HCR Law Events

27 April 2023

An insider’s guide to dispute resolution clauses (DRCs) – your questions answered

Dispute resolution clauses play a critical role in protecting an organisation’s interests. As part of our In-House with You monthly Q&A series, Partners from our Dispute Resolution and Commercial teams covered how to ensure contractual negotiations are equipped with effective and tailored dispute resolution clauses. The slides can be accessed here.

Elizabeth Beatty and Robert Capper answer some of your key questions below:

Can you provide different dispute resolution methods for different disputes?

It’s a good idea to consider what could go wrong when entering into a contract and what would be the most effective to achieve a resolution. In addition to a contractual obligation for the parties to negotiate there are various forms of alternative dispute resolution (ADR) mechanisms that should be considered when drafting contracts.

Arbitration or litigation should generally be the last resort; other less combative and cheaper options may be appropriate. For example, if there is a dispute concerning the technical functionality of a product then a binding expert determination would be a sensible mechanism provide a fast resolution. Alternatively, parties may prefer mediation to achieve a creative commercial settlement that preserves their ongoing commercial relationship.

Are the parties bound to follow all steps of the agreed resolution process?

Generally – yes. Where you have an express clause – you can enforce it. For instance, where there is an agreement to go to arbitration but the other party has instead gone to court ‘because it’s quicker’, you can challenge the jurisdiction of the court and request the claim be stayed as there’s an arbitration agreement in place. If people ignore contractual provisions, you do have options.

If the party refuses to mediate, can you go to court/arbitration?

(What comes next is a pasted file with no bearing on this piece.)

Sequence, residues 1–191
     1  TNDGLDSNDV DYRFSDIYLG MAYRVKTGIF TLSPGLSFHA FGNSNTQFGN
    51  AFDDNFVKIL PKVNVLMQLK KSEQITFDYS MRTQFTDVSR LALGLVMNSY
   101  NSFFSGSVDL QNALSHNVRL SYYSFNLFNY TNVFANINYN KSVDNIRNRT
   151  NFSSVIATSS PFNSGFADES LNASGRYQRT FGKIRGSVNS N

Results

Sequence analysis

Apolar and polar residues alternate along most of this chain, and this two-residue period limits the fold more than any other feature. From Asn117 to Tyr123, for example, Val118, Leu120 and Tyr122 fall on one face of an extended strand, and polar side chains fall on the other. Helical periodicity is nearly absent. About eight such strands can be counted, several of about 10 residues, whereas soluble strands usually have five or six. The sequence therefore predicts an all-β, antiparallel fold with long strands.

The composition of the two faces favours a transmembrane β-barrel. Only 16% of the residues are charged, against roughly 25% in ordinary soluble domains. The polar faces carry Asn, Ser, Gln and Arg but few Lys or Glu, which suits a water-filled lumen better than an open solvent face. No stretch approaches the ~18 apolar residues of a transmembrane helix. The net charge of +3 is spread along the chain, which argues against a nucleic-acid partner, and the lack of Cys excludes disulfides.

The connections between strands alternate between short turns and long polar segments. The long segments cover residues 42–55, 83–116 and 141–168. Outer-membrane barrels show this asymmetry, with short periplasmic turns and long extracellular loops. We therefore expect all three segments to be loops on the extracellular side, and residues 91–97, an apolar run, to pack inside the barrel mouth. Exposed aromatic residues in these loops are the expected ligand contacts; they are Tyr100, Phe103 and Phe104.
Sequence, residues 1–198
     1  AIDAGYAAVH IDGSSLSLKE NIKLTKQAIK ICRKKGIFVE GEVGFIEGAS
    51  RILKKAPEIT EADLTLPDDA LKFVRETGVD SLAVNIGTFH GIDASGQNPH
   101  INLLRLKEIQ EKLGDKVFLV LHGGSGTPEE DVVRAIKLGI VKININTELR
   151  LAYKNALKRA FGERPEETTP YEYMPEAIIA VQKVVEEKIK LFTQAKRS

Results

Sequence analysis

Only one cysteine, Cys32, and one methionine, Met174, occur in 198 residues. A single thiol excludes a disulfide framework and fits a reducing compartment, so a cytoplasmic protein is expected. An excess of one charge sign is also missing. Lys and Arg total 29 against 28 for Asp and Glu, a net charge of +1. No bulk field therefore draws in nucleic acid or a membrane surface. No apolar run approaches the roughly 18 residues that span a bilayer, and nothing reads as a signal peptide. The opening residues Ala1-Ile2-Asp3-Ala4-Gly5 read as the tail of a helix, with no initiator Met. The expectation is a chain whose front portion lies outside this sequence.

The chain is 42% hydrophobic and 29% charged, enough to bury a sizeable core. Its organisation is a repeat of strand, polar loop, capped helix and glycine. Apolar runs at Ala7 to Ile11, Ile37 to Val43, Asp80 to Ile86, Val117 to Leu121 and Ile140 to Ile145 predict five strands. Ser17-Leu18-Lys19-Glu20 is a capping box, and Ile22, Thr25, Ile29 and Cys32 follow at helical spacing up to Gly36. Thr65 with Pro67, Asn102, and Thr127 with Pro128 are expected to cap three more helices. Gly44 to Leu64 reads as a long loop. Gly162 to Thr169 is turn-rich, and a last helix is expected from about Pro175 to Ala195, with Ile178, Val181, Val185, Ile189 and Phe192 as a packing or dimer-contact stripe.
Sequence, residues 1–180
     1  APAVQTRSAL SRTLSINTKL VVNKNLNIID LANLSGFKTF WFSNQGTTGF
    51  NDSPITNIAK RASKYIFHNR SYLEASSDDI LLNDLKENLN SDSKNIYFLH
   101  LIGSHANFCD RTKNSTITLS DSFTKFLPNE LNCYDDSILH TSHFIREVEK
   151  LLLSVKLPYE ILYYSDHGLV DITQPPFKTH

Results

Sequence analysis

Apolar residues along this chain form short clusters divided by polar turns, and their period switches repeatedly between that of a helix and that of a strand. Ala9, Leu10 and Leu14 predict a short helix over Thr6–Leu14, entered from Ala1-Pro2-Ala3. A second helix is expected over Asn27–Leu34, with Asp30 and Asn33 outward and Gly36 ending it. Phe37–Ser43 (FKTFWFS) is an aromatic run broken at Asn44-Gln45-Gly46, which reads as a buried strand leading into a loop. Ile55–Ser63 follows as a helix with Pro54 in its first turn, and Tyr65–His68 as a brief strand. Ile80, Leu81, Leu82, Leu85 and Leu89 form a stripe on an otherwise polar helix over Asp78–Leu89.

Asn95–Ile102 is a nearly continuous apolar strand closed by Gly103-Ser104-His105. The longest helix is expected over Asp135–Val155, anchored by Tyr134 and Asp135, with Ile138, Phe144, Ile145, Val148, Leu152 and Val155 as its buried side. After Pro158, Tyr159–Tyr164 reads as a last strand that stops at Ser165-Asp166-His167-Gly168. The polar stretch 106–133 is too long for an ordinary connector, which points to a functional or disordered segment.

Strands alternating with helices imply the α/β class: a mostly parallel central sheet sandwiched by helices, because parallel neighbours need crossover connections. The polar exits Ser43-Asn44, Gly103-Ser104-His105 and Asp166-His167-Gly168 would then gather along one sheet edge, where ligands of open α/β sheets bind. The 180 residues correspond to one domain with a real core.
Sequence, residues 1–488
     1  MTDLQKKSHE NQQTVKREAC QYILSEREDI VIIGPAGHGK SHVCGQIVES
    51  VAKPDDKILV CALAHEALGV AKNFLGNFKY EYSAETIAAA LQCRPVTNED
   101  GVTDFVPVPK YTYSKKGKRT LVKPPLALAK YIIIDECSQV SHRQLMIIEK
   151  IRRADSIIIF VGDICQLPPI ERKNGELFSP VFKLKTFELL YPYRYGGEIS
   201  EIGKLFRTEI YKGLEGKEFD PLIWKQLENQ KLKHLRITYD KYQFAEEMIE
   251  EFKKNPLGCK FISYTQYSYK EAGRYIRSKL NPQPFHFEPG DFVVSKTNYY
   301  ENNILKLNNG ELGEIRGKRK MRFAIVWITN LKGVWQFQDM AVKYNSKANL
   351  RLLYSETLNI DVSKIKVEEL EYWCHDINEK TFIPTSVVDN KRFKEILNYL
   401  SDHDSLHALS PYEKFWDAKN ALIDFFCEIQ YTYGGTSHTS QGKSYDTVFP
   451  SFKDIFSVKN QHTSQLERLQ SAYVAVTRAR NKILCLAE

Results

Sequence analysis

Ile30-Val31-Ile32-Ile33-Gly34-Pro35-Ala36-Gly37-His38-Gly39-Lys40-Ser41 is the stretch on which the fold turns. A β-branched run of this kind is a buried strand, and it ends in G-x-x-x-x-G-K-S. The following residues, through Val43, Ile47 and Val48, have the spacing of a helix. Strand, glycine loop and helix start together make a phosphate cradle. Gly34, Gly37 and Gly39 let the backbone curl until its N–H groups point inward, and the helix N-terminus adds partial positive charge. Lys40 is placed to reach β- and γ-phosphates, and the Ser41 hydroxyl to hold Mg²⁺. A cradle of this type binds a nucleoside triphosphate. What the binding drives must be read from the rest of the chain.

Some parties can be so entrenched that mediation is not a viable option at the outset, or at all. If the parties agree, you can waive the obligation to mediate but if a party refuses to comply with a contractual obligation to mediate, then you can go to court/arbitration and raise the refusal to comply with the DRC when the issue of costs is addressed.

What are the considerations in international contracts?

The key is to understand which law, which jurisdiction and forum and get that local advice on the ground. Dealing with disputes in foreign jurisdictions can be problematic and add additional layers of expense.

Where and how can we enforce any decision made by the court/arbitrator or expert? Understanding this before entering into contract may prove invaluable at a later date.

It is also worthwhile spending time thinking about what is required to enforce the agreement and where the assets are.

One party is refusing to engage in any discussion on dispute resolution clauses – what should I do?

It should raise alarm bells if they will not have a sensible discussion about how to resolve problems before they arise. Afterall, it should benefit both parties to have clarity on the DRC mechanism. Carry out due diligence to understand their drivers and hit the issue head on. It may be something simple like timescales for the escalation procedure in the DRC, or the personnel to be involved – both can be easily resolved. If they will not be transparent with you on their reasons for refusal, give serious consideration as to whether you should enter into the contract – their conduct may set the tone for the future relationship.

Binding vs non-binding ADR?

No one size fits all – there are various factors to consider such as the nature of the disputes that may arise. It’s possible to have different forms of ADR in a DRC for specific types of dispute.

For example, a dispute where issues of fact involving multiple witnesses need to be addressed is more suitable for mediation, a non-binding form of ADR, whereas a binding form of ADR such as expert determination would be appropriate to swiftly resolve a discreet technical issue which doesn’t involve a fact-finding exercise.

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About the Authors
Elizabeth Beatty, Partner, Head of In-House Lawyer Services

Elizabeth Beatty is a Worcester solicitor, specialising in dispute resolution.

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Robert Capper, Head of Commercial Team

Robert Capper is a Worcester solicitor, specialising in commercial.

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